Finally, I bring them all back together to review the conclusion. We discuss groups who had a successful investigation and groups who learned from investigations that just didn't work. We review vocabulary and even read nonfiction books at this time.

Third grade teachers-- check out my newest product aligned with the third grade Next Generation standards!

Here's a freebie from my science pack for 21st century skills. Enjoy :)

Featured Teacher: Rebecca

Rebecca from Ladybug's Lounge is a third grade teacher from Texas and I am so glad I found her store! She says the best part of teaching are those moments when her student's make her laugh just when she needs it the most. Check out her great freebie on antonyms. I love a great opportunity for my students to learn through games and exploration and this product is perfect!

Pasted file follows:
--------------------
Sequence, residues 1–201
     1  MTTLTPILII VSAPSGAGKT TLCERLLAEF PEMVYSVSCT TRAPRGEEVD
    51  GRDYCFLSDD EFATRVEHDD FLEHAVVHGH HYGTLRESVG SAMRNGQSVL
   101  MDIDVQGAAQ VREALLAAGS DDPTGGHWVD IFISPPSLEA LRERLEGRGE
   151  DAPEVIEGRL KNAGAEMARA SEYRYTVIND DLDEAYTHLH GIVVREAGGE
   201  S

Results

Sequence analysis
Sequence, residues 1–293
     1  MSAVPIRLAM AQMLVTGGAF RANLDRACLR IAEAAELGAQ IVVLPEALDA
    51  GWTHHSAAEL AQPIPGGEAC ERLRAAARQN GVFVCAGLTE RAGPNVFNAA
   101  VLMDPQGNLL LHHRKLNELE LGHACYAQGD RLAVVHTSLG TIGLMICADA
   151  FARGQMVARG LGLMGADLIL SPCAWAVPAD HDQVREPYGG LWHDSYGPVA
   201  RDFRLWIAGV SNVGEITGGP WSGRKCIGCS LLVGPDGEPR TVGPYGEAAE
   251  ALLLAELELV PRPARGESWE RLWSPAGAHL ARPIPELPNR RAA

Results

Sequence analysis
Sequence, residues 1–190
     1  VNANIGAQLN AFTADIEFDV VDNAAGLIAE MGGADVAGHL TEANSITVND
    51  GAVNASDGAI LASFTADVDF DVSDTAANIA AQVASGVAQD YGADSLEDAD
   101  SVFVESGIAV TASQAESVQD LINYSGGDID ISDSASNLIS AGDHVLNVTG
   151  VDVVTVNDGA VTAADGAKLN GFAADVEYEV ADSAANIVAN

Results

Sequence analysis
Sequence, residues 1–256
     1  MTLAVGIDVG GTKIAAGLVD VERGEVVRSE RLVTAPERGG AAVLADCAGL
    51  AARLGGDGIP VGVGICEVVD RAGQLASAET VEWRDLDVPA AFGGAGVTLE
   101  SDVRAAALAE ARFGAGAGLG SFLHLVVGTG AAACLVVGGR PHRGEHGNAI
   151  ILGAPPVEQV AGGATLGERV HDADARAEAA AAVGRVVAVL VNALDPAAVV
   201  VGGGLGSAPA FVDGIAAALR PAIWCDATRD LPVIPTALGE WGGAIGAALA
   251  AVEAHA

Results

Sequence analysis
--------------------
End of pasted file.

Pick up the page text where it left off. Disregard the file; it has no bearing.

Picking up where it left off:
Friday, February 15, 2013

Student-Led Conferences- 21st Century Style

Like many teachers, we have student-led conferences coming up soon. Instead of a traditional packet, we like to teach our kids to work on this type of reflection as a meaningful presentation. Our kids used this story board that is available for free in my publishing pack.

Students looked at their strengths and struggles from each content area based on recent assessments and reflected on their own growth. It is so powerful to see nine year olds reflecting on how to improve academically! Check out an example below...

Feature Teacher: Leticia Gallegos

 Leticia Gallegos is a first grade teacher from Southern California. She says, "I love teaching first grade because you see so much growth in the kids, and they are so sweet and love to give hugs!" 

Check out her cute stamping freebie by clicking on the image below.
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Sunday, February 10, 2013